Murray Alfredson

Murray Alfredson

Murray Alfredson is a former librarian, lecturer and Buddhist Associate in the Multi-Faith Chaplaincy at Flinders University. He has published essays on Buddhist meditation, on inter-faith relations and poetics, poems and poetry translations in journals and anthologies in Australia, the USA, the UK and Canada and a short collection, ‘Nectar and light’, in New poets, 12, Adelaide: Friendly Street Poets and Wakefield Press, 2007.

He has won a High Beam poetry award 2004, the Poetry Unhinged Multicultural Poetry Prize 2006, the Friendly Street Poets Political poetry prize 2009, and has been twice nominated for the Pushcart Prize, in 2009 and 2012.

He lives on the Fleurieu Peninsula by Gulf St Vincent in South Australia.


Amphitryon’s luck

Horn ready for the hunt,
Zeus thought for once to please,
lengthened the night for sport
and wormed into Alkmene’s
bed and body, taking
Amphitryon’s form in detail.
He fathered Herakles;
but rode away on dawnwinds,
left weight of fatherhood
on cuckold’s shoulders.

Amphitryon to Herakles

I expect tomorrow’s battle is my last.
I’m grown not only grey and grizzled, Son, but joint-stiff,
blunted. I need to talk.
I love your mother. I’ll not
pretend the path’s been easy. But some things are more inward,
thoughts that rise all unawares inside a man
and hold him back from loving as he might when lying
by his wife, self-doubts that suck away one’s will,
that leave a woman pine for loving.
It’s not so much
one went before me. I do not blame her either, for truly
she thought that Zeus was I. Not just that Zeus invaded,
nor even that he walked away from you (a child’s
a child, and even you, a hero, had need of nurture).
No, the hardest thing is this. When I arrived that morning,
she glowed and thanked me for the long night’s joys. That hurt.
I never could forget her look of love’s content.
It told me all. How could I match the god’s performance?
Yes, she often told me, it was only me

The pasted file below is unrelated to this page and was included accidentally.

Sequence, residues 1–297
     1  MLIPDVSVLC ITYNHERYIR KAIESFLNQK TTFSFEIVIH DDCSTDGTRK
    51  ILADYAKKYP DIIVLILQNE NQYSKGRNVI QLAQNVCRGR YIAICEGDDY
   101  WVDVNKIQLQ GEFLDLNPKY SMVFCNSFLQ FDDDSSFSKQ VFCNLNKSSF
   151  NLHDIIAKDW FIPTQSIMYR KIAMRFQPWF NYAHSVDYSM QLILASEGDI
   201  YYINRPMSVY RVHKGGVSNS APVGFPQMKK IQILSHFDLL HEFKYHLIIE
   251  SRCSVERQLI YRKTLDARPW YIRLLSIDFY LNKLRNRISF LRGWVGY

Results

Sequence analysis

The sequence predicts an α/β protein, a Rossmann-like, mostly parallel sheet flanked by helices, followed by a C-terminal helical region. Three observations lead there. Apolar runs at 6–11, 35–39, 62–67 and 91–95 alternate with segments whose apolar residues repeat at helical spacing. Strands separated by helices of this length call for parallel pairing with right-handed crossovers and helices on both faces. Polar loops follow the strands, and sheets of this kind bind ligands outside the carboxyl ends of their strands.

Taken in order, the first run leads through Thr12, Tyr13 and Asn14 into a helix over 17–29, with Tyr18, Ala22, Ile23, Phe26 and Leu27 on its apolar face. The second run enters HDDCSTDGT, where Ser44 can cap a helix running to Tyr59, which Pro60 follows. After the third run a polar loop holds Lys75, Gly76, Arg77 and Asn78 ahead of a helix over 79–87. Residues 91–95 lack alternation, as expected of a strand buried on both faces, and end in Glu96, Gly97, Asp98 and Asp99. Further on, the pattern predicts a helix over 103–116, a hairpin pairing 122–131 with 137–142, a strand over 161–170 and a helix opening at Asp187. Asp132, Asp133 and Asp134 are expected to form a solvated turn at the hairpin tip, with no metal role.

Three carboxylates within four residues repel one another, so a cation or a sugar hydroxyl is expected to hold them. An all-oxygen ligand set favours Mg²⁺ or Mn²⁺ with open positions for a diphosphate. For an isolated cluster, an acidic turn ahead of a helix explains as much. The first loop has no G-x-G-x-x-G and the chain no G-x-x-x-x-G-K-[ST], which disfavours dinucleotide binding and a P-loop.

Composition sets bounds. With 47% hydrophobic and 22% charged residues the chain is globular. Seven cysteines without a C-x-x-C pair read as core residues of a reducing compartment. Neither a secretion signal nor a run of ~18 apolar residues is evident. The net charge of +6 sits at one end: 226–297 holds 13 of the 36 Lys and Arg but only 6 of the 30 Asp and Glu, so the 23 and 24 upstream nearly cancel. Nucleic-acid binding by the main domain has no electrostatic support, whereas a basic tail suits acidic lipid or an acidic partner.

she wanted, and we’ve both stayed true these years together.
I’ve never doubted her. And yet the thought has haunted:
how much stronger was her song that night?

Alkmene at Amphitryon’s grave

Breasts are not bruised with beating but deep inside
I ache. We’ve had full thirty years of love and strife.
The god threw us a twisted dart that pinned us both.
The children bound us tighter round those barbs. And you
were good to me that morning you returned, as piece
by piece the facts unfolded.
Perhaps, my love, you hear me;
we always hope, of course, but never know unless
we hear from you who’ve left us. Where Zeus had strength and passion,
your steady love meant more, far more. You gentled me.
He came nowhere near you, came not within a mile.
You out-divined the god.


Flicking fork-tongued hair,
toxic as a taipan,
tiger snake or brown —
horror enough, no doubt,
to turn a man to stone,
though not before his eyes
could read the invitation
of her naked body.
Some men were quick to rise;
but of those ithyphallic
figures, proud as gods
of Egypt, most were gritty
lime- or sandstone, though worst
were sharp and porous pumice —
fit for viewing merely.
Others of polished onyx
or silky alabaster
were smooth but cold inside her,
though she grew skilled to fight
the leach of body-heat —
and skilful, too, to limit
riding vigour, thus not
to snap the stone and do
some grievous sharp-edged hurt.
She learned thus to take pleasure
from her lithic victims
(they lasted long at least)
and yet she ached; she ached
for no more making do
with frozen lust remembered,
with working up crescendoed
waves of body song;
she ached for arms around her,
men’s body and lip-passion
for hands caressing, holding,
for murmured love nightlong.

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Poetry in this post: © Murray Alfredson
Published with the permission of Murray Alfredson